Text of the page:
rate-limiting capabilities for the control plane packets.
The following illustration shows an example of the difference between having CoPP implemented and
not having CoPP implemented.
Figure 29. Control Plane Policing
Control Plane Policing (CoPP)
257
Figure 30. CoPP Implemented Versus CoPP Not Implemented
Configure Control Plane Policing
The S4810 can process a maximum of 4200 packets per second (PPS). Protocols that share a single
queue may experience flaps if one of the protocols receives a high rate of control traffic even though per
protocol CoPP is applied. This happens because queue-based rate limiting is applied first.
For example, border gateway protocol (BGP) and internet control message protocol (ICMP) share same
queue (Q6); Q6 has 400 PPS of bandwidth by default. The desired rate of ICMP is 100 PPS and the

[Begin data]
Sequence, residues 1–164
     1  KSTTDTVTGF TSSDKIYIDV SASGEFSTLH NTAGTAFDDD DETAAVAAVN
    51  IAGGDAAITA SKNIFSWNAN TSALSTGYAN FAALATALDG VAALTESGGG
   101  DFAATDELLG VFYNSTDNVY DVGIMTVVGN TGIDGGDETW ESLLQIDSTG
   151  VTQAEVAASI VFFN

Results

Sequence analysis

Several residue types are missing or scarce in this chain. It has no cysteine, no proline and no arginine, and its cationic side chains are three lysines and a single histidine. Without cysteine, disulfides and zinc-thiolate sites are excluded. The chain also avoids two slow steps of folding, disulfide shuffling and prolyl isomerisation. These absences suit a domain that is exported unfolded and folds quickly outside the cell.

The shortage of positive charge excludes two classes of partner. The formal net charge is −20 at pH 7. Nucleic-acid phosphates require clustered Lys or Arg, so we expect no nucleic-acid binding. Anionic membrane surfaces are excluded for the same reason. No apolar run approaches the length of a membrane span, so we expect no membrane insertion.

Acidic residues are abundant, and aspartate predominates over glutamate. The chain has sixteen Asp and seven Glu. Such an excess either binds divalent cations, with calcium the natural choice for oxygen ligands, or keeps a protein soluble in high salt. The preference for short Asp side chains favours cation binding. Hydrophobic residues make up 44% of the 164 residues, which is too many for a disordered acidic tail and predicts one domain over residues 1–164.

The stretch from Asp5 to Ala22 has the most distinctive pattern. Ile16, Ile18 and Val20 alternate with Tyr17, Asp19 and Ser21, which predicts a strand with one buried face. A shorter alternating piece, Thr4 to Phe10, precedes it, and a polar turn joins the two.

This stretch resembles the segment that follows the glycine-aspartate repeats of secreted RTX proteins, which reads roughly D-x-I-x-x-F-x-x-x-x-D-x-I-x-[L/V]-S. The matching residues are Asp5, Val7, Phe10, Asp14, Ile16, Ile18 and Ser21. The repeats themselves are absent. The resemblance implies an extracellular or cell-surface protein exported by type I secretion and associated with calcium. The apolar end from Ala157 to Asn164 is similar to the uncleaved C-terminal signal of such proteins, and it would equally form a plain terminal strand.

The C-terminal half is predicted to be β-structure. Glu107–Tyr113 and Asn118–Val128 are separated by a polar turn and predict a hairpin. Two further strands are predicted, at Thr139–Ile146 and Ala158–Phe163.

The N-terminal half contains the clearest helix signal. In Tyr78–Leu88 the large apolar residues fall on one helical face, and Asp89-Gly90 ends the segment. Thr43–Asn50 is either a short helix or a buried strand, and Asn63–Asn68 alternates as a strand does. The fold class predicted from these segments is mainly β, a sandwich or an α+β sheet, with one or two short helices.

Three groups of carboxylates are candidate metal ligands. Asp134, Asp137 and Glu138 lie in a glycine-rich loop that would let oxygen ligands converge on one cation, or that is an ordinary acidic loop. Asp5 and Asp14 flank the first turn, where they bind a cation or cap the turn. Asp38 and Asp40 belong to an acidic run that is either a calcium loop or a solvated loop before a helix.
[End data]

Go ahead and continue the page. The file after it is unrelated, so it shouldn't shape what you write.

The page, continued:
remaining 300 PPS is assigned to BGP. If ICMP packets come at 400 PPS, BGP packets may be dropped
though ICMP packets are rate-limited to 100 PPS. You can solve this by increasing Q6 bandwidth to 700
PPS to allow both ICMP and BGP packets and then applying per-flow CoPP for ICMP and BGP packets.
The setting of this Q6 bandwidth is dependent on the incoming traffic for the set of protocols sharing the
same queue. If you are not aware of the incoming protocol traffic rate, you cannot set the required
queue rate limit value. You must complete queue bandwidth tuning carefully because the system cannot
open up to handle any rate, including traffic coming at the line rate.
258
Control Plane Policing (CoPP)
CoPP policies are assigned on a per-protocol or a per-queue basis, and are assigned in CONTROLPLANE mode to each port-pipe.